There is a school of thought that holds that the dramatic Orson Welles War of the Worlds scare, on the evening of October 30, 1938, provided the real basis of the science fiction magazine boom of that period. That the program may have helped give impetus to the spate of new publications is quite possible, but that it inspired them is impossible, since four new magazines … had been publicly announced as forthcoming before the date of the program.
Until wartime paper shortages curtailed publishers' optimism … [fifteen additional science-fiction magazines] would be added to the list. By contrast, before the boom there had been but four magazines in publication, and one of them was predominantly supernatural…. (p. 336)
The demands of this widening market naturally attracted to the field many authors who had never written science fiction, as well as lured back others who had been absent for a long period. Most important, it encouraged the development of new talent, writers destined to remake the form of science fiction.
The key figure in this process is John W. Campbell, editor of Astounding Science-Fiction. Campbell … had become the editor of Astounding Stories in 1937. Though only twenty-eight, he was regarded then as one of the half-dozen greatest living writers of science fiction. He had established his first reputation by composing great super-science epics which involved action on a galactic scale and which he laced through with hundreds of provocative ideas. When the popularity of that type of story began to ebb, he adopted the pseudonym Don A. Stuart and specialized in delicate mood pieces directing sympathy toward the works of man, displaying the creations of the human mind and the manifestations of research and discovery as fundamentally benevolent and trustworthy. He also underscored the need for incorporating some cementing philosophy as an ingredient of science fiction, in the process engaging in a high degree of experimentalism in presentation of ideas which had a substantial influence on the writers who followed him.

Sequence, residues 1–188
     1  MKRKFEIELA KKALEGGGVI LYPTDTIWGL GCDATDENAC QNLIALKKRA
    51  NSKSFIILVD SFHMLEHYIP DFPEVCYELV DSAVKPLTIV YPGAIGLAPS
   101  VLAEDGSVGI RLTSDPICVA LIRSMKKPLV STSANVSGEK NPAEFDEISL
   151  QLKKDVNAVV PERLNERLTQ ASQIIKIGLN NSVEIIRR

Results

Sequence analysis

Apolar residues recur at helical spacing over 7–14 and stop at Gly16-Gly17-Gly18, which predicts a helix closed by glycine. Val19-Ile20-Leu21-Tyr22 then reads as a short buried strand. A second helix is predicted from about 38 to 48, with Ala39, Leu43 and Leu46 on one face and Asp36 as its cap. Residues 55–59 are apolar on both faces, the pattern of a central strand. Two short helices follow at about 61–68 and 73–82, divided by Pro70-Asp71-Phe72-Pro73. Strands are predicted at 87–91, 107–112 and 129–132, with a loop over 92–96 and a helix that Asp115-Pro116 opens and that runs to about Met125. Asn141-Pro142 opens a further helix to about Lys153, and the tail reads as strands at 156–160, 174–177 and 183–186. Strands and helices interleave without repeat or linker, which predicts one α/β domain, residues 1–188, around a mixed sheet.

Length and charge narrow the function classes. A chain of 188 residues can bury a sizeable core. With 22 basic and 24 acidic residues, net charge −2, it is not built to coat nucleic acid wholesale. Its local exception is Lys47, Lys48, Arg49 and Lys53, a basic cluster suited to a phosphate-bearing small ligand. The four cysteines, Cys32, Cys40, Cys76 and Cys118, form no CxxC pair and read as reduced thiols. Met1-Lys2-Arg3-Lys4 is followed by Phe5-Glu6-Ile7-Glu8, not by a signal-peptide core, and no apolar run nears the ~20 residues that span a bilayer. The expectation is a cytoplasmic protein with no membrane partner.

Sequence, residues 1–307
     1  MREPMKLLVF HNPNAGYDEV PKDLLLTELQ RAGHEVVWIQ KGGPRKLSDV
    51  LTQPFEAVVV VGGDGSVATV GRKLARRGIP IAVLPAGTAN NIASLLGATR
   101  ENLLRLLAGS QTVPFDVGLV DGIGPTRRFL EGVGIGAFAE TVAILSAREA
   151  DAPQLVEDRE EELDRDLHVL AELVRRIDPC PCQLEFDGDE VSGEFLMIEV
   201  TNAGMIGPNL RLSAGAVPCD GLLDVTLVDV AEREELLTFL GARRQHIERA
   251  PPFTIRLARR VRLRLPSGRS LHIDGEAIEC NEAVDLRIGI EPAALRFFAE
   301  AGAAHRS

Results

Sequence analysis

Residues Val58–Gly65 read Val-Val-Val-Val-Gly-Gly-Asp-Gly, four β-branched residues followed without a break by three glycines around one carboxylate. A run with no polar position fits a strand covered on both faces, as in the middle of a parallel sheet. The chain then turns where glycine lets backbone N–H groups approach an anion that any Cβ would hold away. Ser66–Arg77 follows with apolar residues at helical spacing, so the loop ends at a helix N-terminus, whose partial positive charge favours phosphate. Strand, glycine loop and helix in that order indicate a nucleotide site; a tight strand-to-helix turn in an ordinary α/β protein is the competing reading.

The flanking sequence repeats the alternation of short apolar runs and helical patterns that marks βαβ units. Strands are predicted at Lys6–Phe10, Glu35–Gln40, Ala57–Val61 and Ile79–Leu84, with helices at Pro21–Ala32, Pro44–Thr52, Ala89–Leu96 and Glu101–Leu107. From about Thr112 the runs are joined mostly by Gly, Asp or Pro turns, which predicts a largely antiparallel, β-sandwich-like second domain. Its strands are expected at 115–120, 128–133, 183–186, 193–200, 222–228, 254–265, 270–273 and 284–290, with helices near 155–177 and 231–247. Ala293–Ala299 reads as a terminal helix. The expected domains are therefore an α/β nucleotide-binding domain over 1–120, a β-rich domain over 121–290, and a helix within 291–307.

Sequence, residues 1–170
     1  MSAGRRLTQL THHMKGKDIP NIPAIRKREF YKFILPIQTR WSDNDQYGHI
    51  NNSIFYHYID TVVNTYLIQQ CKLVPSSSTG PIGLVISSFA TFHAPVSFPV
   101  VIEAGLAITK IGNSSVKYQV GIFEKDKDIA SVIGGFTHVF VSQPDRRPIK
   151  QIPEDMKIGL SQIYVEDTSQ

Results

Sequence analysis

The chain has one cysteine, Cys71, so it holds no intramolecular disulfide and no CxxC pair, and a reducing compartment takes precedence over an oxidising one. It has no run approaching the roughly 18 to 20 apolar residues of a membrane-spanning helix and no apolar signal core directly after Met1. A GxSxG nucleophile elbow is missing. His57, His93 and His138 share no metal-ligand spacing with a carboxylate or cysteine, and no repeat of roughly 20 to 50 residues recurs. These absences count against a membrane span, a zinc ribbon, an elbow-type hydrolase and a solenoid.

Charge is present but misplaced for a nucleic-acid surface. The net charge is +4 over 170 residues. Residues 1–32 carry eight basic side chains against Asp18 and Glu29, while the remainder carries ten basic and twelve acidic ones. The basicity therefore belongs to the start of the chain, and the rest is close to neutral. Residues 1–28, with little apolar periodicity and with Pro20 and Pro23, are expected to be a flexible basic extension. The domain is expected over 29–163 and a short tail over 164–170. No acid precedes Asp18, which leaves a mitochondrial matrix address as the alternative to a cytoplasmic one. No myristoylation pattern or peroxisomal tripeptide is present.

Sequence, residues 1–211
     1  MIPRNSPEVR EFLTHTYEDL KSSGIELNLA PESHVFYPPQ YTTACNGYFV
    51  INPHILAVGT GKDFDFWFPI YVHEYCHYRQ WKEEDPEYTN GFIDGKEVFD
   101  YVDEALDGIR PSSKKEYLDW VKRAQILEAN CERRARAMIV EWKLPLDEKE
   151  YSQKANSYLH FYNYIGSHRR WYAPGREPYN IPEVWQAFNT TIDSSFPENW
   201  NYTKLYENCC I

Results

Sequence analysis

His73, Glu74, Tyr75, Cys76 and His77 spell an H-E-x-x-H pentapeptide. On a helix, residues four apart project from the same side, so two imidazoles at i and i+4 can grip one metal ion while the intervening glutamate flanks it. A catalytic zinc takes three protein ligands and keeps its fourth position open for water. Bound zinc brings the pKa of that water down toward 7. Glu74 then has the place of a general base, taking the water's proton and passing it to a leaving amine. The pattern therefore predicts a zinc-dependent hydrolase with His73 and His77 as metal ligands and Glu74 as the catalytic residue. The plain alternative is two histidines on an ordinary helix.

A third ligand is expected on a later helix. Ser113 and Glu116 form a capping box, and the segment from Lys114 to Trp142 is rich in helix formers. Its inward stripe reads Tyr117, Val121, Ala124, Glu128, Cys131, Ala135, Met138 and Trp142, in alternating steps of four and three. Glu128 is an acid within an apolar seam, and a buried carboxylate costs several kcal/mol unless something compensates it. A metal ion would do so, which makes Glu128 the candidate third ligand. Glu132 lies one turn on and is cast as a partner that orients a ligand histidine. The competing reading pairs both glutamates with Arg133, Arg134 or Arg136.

The magazine he edited was stable, profitable, and the accepted leader in its field. It paid top rates and was regarded as a prestige publication. The editor of such a magazine was in a position to assume literary leadership and shape the direction of the entire field. This Campbell proceeded to do.
It was a peculiarity of Campbell's outlook that he was forever mentally hypothesizing his own universes, philosophies, "natural" laws, to fit whatever tidbits of information intrigued him at the moment. If he ran across a seeming paradox, he fabricated his own train of highly imaginative logic to explain it. Frequently, some relatively minor research would have revealed that the answers were already known and documented, but Campbell was always suspicious of pat theories and, besides, he found them rarely as fascinating as his own.
This was an attitude made to order for a successful science fiction writer. Campbell, as a result, was a fount of ideas that never ran dry. These ideas he fed to his authors at such a prodigal rate that it can be truthfully said most of them owed as much of their success to him as they did to their own talent. (pp. 336-38)
Sam Moskowitz, "The Future in Present Tense," in his Explorers of the Infinite: Shapers of Science Fiction, World Publishing Co., 1963, pp. 334-50.∗
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